Hiring managers will need to consider both how to retain and attract talent to meet project demand.
But what are the top renewables candidates looking for? And what trends around talent availability and mobility should hiring managers be aware of?
Every year, we work with Energy Jobline to produce the Global Energy Talent Index (GETI), Using survey data from 16,000 energy professionals, the report provides insights into global employment trends in the energy sector.
Here are the key findings on the renewable sector and its culture, workforce, training and resilience to the dynamic changes of 2020.
Renewable energy salaries and contract rates are expected to increase in 2021
The COVID-19 pandemic has caused a degree of uncertainty surrounding finance and the economy. This was reflected in the survey results, although renewables respondents were slightly more optimistic.
The majority of renewable energy employees saw their pay remain the same over the last year. However, 35% of employees and 47% of hiring managers had received a raise.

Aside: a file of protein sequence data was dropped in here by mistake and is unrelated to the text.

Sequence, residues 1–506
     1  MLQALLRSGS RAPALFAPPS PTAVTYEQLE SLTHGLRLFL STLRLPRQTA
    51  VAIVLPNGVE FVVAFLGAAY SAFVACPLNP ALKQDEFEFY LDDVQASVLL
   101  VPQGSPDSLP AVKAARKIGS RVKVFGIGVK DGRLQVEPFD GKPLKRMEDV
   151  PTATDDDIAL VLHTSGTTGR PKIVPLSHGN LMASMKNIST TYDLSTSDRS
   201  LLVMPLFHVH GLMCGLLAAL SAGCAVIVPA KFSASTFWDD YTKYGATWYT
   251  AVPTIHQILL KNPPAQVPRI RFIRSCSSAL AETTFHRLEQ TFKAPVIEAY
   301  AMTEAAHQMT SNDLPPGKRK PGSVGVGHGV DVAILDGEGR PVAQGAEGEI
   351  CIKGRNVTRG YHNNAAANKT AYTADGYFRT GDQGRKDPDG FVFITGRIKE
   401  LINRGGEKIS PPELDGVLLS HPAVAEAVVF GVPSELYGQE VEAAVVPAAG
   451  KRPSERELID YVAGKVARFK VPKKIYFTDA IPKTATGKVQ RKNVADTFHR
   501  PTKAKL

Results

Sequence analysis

The 2021 GETI report also suggests optimism for the future regarding salaries, with 43% of professionals and 35% of hiring managers expecting them to increase by more than 5% within the next year.
Potential skills gaps?
However, a large number of respondents (57%) are worried about an impending talent crisis in the sector in which companies will be unable to fill essential roles.
With increasing funding and projects coming online, there is a risk of delays if talent isn't available. This could be compounded if other energy sectors like oil & gas recover quickly and can provide higher pay incentives.
Addressing this risk will require early and ongoing discussion of pay structures and workforce planning.
With projects taking place all over the world, the renewable energy sector already lends itself to global mobility.
85% of employees said they would consider relocating to another region for their job. 34% of those would prefer to move to Europe. This was followed by North America (19%) and Asia (14%), leaving Australasia outside of the top three.